If I’d said that people over 50 are such Luddites they can’t turn on smartphones, that would be a stereotype, in the same way as saying fat people are lazy. (Please note, neither of those are my beliefs).

There’s also a big difference between evidence and anecdote. If you are a Monzo user on a Monzo forum it is highly likely that people in your circle have similar interests and behaviours around tech. This does not mean that everyone is like that. Everyone I know votes the same way but that doesn’t mean everyone in the country does. People who have taken an anecdotal line of argument here are actually the ones generalising.

You can see from the stats I posted that over half of 55-64s do not own a smartphone. By definition they will not be interested in Monzo. That is just one piece of evidence. I already asked for contrary evidence but none was forthcoming.

All of this could have been avoided with a simple comment to the effect ‘Did you really mean all 55 year olds?’ and I would have been happy to clarify and indeed get into a respectful discussion. Instead I’m told I am being offensive, silly, talking b*******s, isolated, responsible for perpetuating ageist stereotypes, holding back Monzo’s success etc etc. Whatever.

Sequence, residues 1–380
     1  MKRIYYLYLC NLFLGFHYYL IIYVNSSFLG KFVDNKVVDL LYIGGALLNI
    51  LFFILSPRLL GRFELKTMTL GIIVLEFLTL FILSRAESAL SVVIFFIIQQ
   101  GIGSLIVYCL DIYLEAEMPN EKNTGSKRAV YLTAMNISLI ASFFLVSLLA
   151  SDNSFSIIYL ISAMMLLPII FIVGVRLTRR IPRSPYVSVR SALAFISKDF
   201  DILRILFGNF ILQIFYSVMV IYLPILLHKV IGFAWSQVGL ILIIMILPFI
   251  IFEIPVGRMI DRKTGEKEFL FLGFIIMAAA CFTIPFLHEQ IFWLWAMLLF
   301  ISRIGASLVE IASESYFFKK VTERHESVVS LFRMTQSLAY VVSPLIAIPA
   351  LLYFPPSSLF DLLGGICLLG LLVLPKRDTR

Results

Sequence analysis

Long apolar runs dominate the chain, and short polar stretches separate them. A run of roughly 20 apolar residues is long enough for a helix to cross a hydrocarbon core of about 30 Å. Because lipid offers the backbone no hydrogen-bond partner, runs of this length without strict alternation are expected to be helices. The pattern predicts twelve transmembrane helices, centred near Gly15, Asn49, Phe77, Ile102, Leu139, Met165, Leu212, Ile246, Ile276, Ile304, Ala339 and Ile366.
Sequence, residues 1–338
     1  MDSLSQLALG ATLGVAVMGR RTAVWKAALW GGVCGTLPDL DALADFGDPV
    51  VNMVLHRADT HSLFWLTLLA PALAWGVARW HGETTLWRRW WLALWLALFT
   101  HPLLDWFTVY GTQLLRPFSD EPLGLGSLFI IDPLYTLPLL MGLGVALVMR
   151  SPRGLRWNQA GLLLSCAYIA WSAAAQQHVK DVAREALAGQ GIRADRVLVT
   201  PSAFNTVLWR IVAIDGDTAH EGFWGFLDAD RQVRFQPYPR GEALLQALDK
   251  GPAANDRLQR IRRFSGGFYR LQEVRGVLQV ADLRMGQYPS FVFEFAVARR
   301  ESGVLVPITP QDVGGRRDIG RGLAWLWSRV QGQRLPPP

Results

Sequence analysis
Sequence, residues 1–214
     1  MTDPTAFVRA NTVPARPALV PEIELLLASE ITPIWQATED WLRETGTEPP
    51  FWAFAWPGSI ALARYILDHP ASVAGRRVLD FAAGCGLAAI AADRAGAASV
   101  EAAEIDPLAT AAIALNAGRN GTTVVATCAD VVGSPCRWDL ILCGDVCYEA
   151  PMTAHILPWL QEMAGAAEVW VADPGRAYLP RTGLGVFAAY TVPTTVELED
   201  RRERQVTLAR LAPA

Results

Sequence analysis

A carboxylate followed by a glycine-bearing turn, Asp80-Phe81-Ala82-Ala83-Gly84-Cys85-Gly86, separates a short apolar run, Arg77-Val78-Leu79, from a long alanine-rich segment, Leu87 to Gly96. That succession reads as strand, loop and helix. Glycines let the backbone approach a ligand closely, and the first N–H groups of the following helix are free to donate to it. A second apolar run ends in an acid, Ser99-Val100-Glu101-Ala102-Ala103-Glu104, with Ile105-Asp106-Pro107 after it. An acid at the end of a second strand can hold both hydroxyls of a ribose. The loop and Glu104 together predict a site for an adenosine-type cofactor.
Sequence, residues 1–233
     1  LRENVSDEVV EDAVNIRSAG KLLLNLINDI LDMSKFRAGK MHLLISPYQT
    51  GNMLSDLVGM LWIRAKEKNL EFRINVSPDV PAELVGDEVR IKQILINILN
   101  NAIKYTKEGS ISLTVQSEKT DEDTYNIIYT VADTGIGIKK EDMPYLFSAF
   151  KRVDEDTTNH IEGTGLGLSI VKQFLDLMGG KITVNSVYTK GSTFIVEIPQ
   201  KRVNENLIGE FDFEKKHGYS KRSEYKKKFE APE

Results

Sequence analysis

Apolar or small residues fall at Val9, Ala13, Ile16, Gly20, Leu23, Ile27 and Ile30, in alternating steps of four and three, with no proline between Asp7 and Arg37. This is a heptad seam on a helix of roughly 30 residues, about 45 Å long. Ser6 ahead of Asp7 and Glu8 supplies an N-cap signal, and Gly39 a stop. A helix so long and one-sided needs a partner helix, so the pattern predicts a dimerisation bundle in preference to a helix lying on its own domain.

(Hugh) #21

I’m not defending or accusing anyone here; I just think these conversations would be more meaningful if comments were less emotive.

I know you didn’t - I tried to show that by using non-specific language like “people”.

I am rather inclined to agree with this, despite the fact I disagree with the actual content of Ralph’s comments.


According to these statistics 47% of 55-64s own a smartphone. So that is nearly half of them as potential target customers. It all depends on the glass half empty or glass half full approach. And with an aging UK population that means potentially an increase in ownership in that age group.


I apologised to you for that and said you are not silly. I clarified that I thought what you wrote is silly. It’s my thought, not a criticism of you.